Major League Baseball: Deadline extended as ‘Japan’s Babe Ruth’ eyes majors

0
12
The Major League Baseball Players Association has approved a 24-hour extension to a deadline for MLB and Nippon Professional Baseball (NPB) to reach a new posting agreement for Japanese star Shohei Ohtani

Japanese star Shohei Ohtani’s hopes of playing in
Major League Baseball were given a boost Monday after the US players
union agreed to extend a key deadline that could pave the way for a
move. The Major League Baseball Players Association said it had approved a 24-hour extension to a deadline for MLB and Nippon Professional Baseball (NPB) to reach a new posting agreement.

The
previous deadline on hammering out a new posting agreement — which
regulates moves of players between the MLB and the NPB — had been due
to expire on Monday.

If MLB and NPB are
able to reach an agreement by 0100 GMT on Wednesday, Ohtani could be
free to be posted and eligible for the major leagues in 2018.

The 23-year-old Nippon Ham Fighters dubbed
the “Babe Ruth of Japan” is regarded as one of the hottest properties in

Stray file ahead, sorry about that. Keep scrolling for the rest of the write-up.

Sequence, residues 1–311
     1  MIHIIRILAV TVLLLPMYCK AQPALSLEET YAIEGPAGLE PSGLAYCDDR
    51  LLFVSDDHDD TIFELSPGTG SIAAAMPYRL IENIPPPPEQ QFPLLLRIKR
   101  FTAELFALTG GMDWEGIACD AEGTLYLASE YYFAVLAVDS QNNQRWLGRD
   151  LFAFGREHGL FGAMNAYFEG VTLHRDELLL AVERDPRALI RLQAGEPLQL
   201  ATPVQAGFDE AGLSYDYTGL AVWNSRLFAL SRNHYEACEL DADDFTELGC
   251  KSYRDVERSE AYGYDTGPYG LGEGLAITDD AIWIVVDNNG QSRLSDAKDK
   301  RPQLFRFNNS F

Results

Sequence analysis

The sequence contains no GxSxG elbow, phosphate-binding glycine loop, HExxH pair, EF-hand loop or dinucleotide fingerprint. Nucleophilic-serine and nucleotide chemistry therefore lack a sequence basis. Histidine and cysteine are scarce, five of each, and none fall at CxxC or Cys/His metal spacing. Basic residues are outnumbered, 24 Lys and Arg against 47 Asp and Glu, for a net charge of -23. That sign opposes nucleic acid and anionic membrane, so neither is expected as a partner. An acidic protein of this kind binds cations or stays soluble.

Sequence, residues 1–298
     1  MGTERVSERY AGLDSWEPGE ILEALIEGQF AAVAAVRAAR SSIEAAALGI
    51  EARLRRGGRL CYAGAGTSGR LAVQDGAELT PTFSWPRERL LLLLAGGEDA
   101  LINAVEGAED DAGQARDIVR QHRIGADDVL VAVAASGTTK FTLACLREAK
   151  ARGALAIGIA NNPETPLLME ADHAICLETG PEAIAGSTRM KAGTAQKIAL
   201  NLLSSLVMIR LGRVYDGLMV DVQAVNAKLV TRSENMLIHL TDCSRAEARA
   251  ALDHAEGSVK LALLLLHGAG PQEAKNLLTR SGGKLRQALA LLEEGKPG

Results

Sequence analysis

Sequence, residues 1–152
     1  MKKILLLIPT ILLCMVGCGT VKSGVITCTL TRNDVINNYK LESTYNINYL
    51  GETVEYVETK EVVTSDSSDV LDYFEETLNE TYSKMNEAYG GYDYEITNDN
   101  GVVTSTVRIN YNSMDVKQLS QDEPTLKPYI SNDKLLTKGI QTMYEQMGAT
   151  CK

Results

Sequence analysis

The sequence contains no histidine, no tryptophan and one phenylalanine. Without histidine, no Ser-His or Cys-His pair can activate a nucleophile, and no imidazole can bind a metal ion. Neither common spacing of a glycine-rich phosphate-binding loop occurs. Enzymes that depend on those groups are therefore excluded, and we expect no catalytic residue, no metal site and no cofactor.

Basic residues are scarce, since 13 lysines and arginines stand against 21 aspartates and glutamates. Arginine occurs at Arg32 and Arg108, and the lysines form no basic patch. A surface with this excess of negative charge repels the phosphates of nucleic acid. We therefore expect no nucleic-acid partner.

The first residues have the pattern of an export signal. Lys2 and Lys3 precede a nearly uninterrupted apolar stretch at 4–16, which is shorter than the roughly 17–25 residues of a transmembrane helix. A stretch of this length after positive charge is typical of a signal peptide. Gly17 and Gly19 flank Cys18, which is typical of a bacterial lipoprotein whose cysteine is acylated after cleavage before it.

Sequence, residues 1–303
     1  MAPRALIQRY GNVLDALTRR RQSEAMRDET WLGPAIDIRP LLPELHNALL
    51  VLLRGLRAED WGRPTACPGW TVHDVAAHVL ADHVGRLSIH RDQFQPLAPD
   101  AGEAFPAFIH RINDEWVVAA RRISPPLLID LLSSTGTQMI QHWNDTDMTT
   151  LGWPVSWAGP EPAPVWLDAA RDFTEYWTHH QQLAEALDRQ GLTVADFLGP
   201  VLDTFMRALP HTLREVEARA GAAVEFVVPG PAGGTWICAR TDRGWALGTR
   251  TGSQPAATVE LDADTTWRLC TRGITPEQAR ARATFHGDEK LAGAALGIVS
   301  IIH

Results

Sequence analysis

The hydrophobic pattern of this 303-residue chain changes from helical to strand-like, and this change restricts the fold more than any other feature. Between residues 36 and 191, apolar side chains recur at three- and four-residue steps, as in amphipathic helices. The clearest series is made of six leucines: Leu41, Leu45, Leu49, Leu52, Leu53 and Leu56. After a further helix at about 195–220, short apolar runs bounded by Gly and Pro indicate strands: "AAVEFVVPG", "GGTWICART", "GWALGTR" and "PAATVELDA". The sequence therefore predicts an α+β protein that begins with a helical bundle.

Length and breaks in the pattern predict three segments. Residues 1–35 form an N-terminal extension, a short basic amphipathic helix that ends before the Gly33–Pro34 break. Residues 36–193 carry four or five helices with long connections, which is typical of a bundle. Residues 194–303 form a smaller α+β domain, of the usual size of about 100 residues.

baseball, a two-way threat with a fastball clocked at 100mph and an
explosive presence at the plate.
He has an array of interested suitors in Major League Baseball according to reports.
Although
his 2017 season in Japan was hampered by an ankle injury, in 2016 he
put up dazzling numbers, with a 10-4 record and a 1.86 ERA in 140
innnings.
At the plate he hit .322 and clubbed 22 home runs.
Under
the terms of MLB’s collective bargaining agreement, international
players under the age of 25 qualify as amateurs, meaning that Ohtani
could only be paid a signing fee from the fixed international bonus
pools allocated to each team.
If Ohtani
elects to wait until he is 25 and remain in Japan for two years, he
would enter free agency and be allowed to negotiate what in all
probability would be a massive contract.
Ohtani, however, has reportedly signalled that he wants to move to the MLB in 2018, putting the league’s teams on alert.
According
to US reports, the Texas Rangers, the Minnesota Twins and the New York
Yankees are the only teams with bonus pools large enough to grant Ohtani
a $3 million signing fee.
But Ohtani has indicated that the size of his joining free will not necessarily influence his choice of team.
“As
long as I have enough money to be able to play baseball and am enjoying
baseball, that’s all I’m asking for right now,” he told Sports
Illustrated in April.

LEAVE A REPLY

Please enter your comment!
Please enter your name here